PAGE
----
I was tired from all the walkingmy Singapore trip was full of strolling around, no kiddingbut I got up quite early the next day for breakfast. This was when I decided to try the same set from a different stall (hate to sound biased, but the butter was too thick for my liking). Still, for a few minutes, I got a glimpse of him from the corner of my eyes when my cousin was buying O Kosong coffee. She was a regular there.

Of non-existence his presence was in my mind that whole day. We visited China Town for the sake of vacating before going to Garden by the Bay later in the evening (to read more about GBTB in a separate post, just click the link).

Singapore's China Town was on a whole different level. There were a lot of beautiful murals randomly drawn on walls; all of them seemed to tell stories about mundane, everyday life. I had learned a lot from past experiences that there was more than what the eye saw in the simpler things. That's why murals like these enraptured me easily.

After aimlessly wandering around and admiring the beautiful murals, we then went inside a traditional market with the biggest hawker center I had ever seen. Though the market looked similar to the one in my hometown, I was satisfied that I could finally try the famous Xiao Long Bao my cousin had praised so highly.

And that, my friend, was the last day I walked around without expecting the impossible to happen. As Friday morning came, the awareness of the impending end of our vacation arose. It had been six days and five nights spent in Singapore, and the countdown felt eerily comparable to a person almost waking up from a beautiful dream.

There were times when I thought about how cruel it was that our subconscious could explore the world of improbability and present it as though anything was possible. It was even crueler when a part of us wanted it to happen so badly that we unconsciously pushed ourselves to believe it might be true.

I was generally a shy person in front of new people. And I knew I wasn't the type who gave off a remarkable impression in the first meet. So when my sister didn't go down for breakfast that day, I was on my own, standing in front of his stall. He looked at me casually and said, "Hi." He had a medium size tattoo on his left arm.

Straightforwardly, I blurted out what I wanted to order, "A toast and an egg, please."

I didn't catch what he said next, and I knew I looked quite confused when I said, "Sorry, what?"

"Egg and toast?" He repeated with patience.


He uttered the word "Onsen" to the cook behind him, and I awkwardly stood there, waiting. I didn't have any idea how awkward I looked, but it must be quite severe since he helped me with the tray, the spoon, and the hot-boiled eggs when the word "Self-service" was boldly typed and printed in front of the stall. And when my breakfast was ready, I mumbled a small "Thank you" before attempting my best to walk with calm.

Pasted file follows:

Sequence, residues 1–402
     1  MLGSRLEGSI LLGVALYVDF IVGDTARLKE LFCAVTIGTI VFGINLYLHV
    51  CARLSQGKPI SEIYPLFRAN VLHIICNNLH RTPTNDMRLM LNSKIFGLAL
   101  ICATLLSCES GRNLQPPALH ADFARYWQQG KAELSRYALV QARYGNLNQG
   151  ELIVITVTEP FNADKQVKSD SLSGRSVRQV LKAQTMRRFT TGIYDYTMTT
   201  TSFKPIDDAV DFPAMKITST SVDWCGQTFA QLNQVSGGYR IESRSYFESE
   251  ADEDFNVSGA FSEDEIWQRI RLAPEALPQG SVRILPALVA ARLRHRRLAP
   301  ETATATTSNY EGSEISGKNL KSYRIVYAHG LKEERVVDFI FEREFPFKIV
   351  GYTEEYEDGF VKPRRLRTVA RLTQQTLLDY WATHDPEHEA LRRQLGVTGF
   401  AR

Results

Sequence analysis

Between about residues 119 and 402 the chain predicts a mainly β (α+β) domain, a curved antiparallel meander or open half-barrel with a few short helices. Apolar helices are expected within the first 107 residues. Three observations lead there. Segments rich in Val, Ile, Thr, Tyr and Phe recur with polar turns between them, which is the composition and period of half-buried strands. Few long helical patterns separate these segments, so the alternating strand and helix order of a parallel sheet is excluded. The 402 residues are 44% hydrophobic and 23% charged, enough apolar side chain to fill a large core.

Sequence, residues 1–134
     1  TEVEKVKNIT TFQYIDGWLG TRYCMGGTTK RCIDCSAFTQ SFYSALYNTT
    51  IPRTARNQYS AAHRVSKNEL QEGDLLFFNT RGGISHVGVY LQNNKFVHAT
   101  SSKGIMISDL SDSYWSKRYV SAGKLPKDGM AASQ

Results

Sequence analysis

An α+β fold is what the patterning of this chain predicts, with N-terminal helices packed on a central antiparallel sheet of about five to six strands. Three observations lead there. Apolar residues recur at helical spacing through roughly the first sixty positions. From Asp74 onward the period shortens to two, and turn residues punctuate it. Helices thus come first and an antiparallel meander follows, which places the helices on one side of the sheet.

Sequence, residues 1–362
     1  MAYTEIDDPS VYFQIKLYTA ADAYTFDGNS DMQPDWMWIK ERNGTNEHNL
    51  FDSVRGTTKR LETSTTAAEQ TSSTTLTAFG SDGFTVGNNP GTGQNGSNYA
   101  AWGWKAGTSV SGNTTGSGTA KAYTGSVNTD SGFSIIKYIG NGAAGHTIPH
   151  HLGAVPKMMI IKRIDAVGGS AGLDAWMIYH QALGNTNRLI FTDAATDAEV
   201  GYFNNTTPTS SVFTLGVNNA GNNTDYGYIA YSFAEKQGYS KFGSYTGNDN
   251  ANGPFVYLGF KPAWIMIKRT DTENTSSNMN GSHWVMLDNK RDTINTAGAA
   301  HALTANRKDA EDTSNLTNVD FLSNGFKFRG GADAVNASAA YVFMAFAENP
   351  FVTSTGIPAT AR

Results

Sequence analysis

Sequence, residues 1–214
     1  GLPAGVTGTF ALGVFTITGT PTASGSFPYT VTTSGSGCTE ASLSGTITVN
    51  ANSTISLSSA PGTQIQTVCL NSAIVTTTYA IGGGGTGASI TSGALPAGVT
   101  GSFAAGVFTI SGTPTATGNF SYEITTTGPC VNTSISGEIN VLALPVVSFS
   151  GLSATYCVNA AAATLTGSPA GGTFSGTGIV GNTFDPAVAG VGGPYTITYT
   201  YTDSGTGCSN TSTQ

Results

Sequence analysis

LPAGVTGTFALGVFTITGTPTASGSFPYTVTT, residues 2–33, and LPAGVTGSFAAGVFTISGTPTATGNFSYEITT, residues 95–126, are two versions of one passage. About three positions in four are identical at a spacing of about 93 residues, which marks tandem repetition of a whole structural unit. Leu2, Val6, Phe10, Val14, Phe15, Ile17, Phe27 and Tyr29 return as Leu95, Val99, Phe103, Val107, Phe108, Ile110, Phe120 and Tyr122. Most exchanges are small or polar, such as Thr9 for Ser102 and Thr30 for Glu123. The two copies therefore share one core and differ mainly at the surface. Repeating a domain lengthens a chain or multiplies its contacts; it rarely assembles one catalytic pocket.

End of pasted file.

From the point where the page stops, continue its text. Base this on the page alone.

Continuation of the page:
I didn't know him. Nor did I get his name. The story about him should have ended here, but I was never not dramatic. The thought of him spiraled into my mind, and for the first time in a long time, I felt the need to memorize a particular moment. I was deeply sunk in the quicksand of my own thoughts, and he was the force taking me down with little to no compulsion. His persona had no name. I gave him one: 'A Perfect Stranger'.

If this were a movie, I would have met him again later that day. He would have asked me to get a cup of coffee and I would have said yes but ordered some tea instead. He would have been there in the Airport when we were visiting Jewel, or in Orchard Road when we were eating the same Uncle's ice cream while listening to the Grown-Up Christmas List song from the speaker.

Durian was not available in a cone, so I tried the peanut flavor.

A statue we found on our way to the MRT station.

Reality was not a movie though, and he was only a regular guy on a morning shift in a random coffee stall. As much as I wanted to believe that I was going to meet him once again before going back home, the truth stood undefeated. I was just an ordinary traveler who happened to be enchanted by a stranger over a plate of toast and two onsen eggs. A stranger I most likely wouldn't get to ever meet again.

My sister and I decided to walk after our attempt in finding the perfect token.


As expected, he was not on his shift on my last day on this gloomy Saturday morning. As I was memorizing the street we passed by from the window of our taxi, I wondered if a part of the universe was disappointed as well. Raindrops trickled softly against my window seat, like it was grieving for the loss of a dice bet.

I said goodbye to him silently, wondering if the news of some tourists getting attached to his stall's kaya toast got to him from the old man who was always there (my guess was he was the owner). I wouldn't go as far as saying that I had fallen in love, but our brief encounter became solid proof that it wasn't that terrifying to begin with.

In the spirit of the approaching festive season, I realized that this Christmas, I wanted to fall in love, as I fell for Singapore and the many things in it.